Best Teapot Reviews
How to Buy a Reliable Teapot
Teapots are not always short and stout, but you can tip every one of them up and pour out some great tasting beverage for yourself and your guests to enjoy after a lovely dinner. The best teapot reviews thus deserve more readership, since many people want to enjoy a nice cup of tea even when they’re not from the UK, Japan or China. Here’s what to consider when buying teapots.
A look through the best teapot reviews reveals three kinds of teapots. A glass teapot is ideal when you’d like to see what you’re pouring from inside. This kind is perfect when you want to have a view of how much tea is left in the pot without having to peer down the opening.
Cast iron tea vessels distribute heat evenly, ensuring that you enjoy a terrific pot of tea every time. Cast iron teapots are durable and also hold heat longer than other kinds.
Ceramic teapots easily earn the distinction of being the top rated teapots 2016 since they can be made of naturally occurring materials. Clay material forms the least expensive among ceramic teapots. Clay teapots carry less ornamentation compared to bone china and porcelain. Yixing clay from China is the best, as it can absorb tea flavor over time.
Porcelain and bone china teapots are high-end and fragile, typically made with intricate designs. They are used in elaborate flower-decorated English teapots.
The best teapot 2016 has both its lid and the end of its spout level with each other. A built-in infuser might appear convenient, but with fewer and too large holes, they are not effectively designed for use with looseleaf tea. A removable stainless steel infuser is a better choice. A small hole on the lid prevents dripping or dribbling and enables more hassle-free pouring.
A teapot with a strainer in the spout enables direct pouring of tea into cups without the annoying floating debris. Metal handles and lids may appear chic, but they can injure the hand when the teapot is hot.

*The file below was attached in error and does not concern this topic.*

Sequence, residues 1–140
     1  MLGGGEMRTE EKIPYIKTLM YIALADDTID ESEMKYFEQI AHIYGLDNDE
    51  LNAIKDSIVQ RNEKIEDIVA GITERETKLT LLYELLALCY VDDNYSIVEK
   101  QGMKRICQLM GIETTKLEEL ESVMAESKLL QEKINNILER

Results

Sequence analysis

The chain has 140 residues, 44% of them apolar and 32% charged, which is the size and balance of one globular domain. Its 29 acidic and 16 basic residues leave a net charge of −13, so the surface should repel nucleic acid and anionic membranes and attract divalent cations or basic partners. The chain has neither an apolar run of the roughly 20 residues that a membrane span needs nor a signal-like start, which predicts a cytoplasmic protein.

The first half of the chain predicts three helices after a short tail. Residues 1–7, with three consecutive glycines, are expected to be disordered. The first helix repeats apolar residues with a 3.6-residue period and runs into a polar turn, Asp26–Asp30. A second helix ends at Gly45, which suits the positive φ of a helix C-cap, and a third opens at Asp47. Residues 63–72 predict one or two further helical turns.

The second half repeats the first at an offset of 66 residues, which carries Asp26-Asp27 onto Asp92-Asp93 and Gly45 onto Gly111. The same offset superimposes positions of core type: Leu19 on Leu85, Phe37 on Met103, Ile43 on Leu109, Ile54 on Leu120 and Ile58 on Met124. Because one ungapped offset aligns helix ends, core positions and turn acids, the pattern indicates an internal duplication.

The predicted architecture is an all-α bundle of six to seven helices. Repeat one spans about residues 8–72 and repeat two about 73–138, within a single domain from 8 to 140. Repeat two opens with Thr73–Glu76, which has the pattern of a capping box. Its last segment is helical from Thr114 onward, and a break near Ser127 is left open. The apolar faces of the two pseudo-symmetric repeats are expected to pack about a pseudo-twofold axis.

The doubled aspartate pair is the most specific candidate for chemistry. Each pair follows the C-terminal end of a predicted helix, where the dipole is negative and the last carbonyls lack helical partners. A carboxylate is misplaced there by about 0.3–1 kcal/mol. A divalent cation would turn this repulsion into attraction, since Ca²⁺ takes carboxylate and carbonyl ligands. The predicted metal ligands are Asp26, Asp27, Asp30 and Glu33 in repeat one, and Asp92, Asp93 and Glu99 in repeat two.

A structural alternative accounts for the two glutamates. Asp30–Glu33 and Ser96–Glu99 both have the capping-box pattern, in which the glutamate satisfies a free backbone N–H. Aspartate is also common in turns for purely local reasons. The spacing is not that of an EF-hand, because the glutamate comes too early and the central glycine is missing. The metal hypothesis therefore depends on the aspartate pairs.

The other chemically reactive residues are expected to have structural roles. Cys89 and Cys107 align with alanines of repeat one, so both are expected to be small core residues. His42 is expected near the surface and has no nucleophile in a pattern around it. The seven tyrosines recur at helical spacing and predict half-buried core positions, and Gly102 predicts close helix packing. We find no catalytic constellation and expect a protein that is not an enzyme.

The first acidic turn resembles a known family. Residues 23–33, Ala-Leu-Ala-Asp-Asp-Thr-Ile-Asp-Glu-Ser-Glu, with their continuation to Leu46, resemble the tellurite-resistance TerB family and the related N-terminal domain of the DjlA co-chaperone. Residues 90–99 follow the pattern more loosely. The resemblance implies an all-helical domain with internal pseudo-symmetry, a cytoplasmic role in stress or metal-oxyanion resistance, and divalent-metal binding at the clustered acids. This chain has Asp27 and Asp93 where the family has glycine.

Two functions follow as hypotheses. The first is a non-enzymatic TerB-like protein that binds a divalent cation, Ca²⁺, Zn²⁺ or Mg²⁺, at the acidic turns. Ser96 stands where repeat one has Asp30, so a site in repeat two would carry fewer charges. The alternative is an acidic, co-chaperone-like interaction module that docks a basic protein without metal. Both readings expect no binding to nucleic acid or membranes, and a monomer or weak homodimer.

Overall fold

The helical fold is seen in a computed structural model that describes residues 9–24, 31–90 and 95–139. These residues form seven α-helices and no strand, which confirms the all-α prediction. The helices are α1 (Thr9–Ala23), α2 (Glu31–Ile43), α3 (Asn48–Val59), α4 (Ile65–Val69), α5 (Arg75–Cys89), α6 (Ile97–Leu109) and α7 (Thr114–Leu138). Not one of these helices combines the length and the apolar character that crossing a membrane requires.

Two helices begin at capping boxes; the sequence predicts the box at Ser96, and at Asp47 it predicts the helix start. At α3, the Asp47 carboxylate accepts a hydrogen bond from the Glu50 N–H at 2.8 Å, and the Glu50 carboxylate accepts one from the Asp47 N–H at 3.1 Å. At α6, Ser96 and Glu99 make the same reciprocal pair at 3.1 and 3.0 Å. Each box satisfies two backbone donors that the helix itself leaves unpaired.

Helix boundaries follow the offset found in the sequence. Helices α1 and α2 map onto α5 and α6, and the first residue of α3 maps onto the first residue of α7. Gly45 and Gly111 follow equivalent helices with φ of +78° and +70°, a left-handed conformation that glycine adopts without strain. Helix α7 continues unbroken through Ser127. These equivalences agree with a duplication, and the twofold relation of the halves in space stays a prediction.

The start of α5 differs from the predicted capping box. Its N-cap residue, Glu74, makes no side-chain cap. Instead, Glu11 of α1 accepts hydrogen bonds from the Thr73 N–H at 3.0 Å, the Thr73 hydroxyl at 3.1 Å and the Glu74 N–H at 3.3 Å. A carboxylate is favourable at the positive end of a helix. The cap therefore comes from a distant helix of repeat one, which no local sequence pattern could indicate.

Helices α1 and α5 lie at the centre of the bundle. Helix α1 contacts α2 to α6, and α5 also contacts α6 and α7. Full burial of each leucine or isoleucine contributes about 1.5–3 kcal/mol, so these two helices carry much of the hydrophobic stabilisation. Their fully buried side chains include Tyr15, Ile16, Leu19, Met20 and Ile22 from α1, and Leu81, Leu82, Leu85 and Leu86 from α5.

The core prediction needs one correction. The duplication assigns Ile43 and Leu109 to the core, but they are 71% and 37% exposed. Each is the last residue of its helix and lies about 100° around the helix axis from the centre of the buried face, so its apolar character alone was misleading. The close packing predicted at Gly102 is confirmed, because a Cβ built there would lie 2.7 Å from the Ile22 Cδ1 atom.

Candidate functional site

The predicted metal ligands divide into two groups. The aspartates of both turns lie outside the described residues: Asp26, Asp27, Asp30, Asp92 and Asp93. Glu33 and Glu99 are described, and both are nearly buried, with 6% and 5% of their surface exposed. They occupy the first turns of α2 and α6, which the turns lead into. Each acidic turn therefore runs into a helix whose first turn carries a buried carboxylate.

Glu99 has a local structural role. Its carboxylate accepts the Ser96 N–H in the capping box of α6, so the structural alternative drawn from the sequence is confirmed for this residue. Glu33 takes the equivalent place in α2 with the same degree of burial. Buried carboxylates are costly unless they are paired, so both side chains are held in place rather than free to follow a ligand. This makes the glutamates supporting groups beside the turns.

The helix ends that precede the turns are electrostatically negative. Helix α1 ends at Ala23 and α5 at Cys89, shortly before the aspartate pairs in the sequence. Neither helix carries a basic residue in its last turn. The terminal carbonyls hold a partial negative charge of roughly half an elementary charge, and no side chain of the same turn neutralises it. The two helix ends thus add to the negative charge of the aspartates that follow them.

The products evaluated in the best teapot reviews come in several different sizes. A ten-ounce teapot allows brewing of just one cup, making it ideal for personal use. Those who can partake of two cups of tea at a time or who have a tea-drinking partner are best served by a 20-ounce vessel. A 30-ounce teapot paired with a tea warmer is perfect for entertaining, or for those who love drinking 3 to 4 cups a day while steeping tea only once. 40-ounce teapots offer 4 to 5 cups for even more tea.
Top Teapots in 2016
Yes, teapots are often so great looking that it can be difficult to choose just one. Reading the best teapot reviews can even complicate your search, as they typically present anywhere from five to ten options. In the next paragraphs, you will read about three of the topselling teapots on the market.
Undoubtedly the best teapot 2016, the Adagio Teas ingenuiTea is great for tea drinkers who prefer looseleaf form rather than ordinary tea bags. This modern teapot lets you enjoy tea in the old-fashioned way: steeping actual tea leaves and waiting till the flavor diffuses into the hot water enough to give you real brewed beverage. This product is perfect to bring to the office or when going on travels. You’ll be drinking tea more with the ingenuiTea, for sure.